Abstract

Cadherin complexes transduce force fluctuations at junctions to activate signals that reinforce stressed intercellular contacts. ?-Catenin is an identified force transducer within cadherin complexes that is autoinhibited under low tension. Increased force triggers a conformational change that exposes a cryptic site for the actin-binding protein vinculin. This study tested predictions that salt bridges within the force-sensing core modulate ?-catenin activation. Studies with a fluorescence resonance energy transfer (FRET)-based ?-catenin conformation sensor demonstrated that each of the salt-bridge mutations R551A and D503N enhances ?-catenin activation in live cells, but R551A has a greater impact. Under dynamic force loading at reannealing cell–cell junctions, the R551A mutant bound more vinculin than wild-type ?-catenin. In vitro binding measurements quantified the impact of the R551A mutation on the free-energy difference between the active and autoinhibited ?-catenin conformers. A 2-?s constant-force, steered molecular dynamics simulation of the core force-sensing region suggested how the salt-bridge mutants alter the ?-catenin conformation, and identified a novel load-bearing salt bridge. These results reveal key structural features that determine the force-transduction mechanism and the force sensitivity of this crucial nanomachine.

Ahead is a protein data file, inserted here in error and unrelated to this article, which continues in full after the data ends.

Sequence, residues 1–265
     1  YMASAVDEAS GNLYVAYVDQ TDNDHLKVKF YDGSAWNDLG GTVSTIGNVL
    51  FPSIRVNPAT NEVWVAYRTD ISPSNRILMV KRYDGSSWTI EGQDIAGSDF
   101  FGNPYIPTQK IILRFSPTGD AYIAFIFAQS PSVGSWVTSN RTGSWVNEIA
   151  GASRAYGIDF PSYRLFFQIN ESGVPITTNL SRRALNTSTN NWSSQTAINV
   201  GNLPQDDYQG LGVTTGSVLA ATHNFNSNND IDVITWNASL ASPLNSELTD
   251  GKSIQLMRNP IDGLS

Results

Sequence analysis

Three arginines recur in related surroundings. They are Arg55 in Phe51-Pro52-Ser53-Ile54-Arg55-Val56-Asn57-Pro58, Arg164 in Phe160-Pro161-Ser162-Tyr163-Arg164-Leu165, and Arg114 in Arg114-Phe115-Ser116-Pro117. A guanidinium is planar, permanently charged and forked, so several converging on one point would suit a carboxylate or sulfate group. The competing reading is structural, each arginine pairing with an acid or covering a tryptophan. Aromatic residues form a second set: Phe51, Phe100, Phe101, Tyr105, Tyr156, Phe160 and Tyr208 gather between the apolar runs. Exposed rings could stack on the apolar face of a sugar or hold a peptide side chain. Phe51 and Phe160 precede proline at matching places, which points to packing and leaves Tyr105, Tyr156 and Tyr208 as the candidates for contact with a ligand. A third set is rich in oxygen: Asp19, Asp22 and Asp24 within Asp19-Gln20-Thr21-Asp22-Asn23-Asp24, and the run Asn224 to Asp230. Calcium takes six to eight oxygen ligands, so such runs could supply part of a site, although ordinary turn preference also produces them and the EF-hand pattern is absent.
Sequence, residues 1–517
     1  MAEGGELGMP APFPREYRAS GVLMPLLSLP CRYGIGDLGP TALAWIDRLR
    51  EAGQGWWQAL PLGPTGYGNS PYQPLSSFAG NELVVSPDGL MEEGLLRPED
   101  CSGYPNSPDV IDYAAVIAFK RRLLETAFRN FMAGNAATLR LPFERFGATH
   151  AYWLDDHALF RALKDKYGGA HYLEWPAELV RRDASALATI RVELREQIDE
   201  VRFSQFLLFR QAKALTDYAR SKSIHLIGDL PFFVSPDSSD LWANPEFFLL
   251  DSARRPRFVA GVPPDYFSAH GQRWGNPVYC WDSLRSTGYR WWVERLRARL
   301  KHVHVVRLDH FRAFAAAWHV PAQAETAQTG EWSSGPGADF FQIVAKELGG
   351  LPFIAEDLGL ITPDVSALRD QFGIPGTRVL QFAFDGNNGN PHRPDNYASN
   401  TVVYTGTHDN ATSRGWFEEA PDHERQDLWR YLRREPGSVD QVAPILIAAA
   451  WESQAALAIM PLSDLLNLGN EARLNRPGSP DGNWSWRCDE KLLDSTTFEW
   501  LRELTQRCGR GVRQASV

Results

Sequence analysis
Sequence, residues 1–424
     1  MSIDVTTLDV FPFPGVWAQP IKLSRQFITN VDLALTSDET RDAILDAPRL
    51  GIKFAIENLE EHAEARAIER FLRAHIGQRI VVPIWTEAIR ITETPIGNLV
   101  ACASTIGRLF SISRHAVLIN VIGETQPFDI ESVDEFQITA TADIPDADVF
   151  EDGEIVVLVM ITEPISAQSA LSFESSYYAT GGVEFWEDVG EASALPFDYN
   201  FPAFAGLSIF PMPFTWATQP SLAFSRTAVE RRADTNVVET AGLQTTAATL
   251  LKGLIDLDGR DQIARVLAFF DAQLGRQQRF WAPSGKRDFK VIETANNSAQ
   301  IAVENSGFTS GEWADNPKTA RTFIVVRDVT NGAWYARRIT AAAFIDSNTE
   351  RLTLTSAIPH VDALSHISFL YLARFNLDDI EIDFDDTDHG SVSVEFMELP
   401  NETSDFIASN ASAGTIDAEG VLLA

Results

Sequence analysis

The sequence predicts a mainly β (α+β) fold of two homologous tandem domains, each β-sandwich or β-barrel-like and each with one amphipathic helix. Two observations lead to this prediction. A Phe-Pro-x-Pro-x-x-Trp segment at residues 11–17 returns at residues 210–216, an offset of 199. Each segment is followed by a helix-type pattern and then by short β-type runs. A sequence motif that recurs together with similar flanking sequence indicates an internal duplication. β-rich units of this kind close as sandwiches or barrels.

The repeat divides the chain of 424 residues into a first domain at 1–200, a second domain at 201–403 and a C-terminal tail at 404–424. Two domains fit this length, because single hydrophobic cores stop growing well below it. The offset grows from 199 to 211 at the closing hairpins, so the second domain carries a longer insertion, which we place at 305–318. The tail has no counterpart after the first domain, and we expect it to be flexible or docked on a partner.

Original languageEnglish (US)
Pages (from-to)111-122
Number of pages12
JournalMolecular biology of the cell
Volume29
Issue number2
DOIs
StatePublished - Jan 15 2018

ASJC Scopus subject areas

  • Molecular Biology
  • Cell Biology

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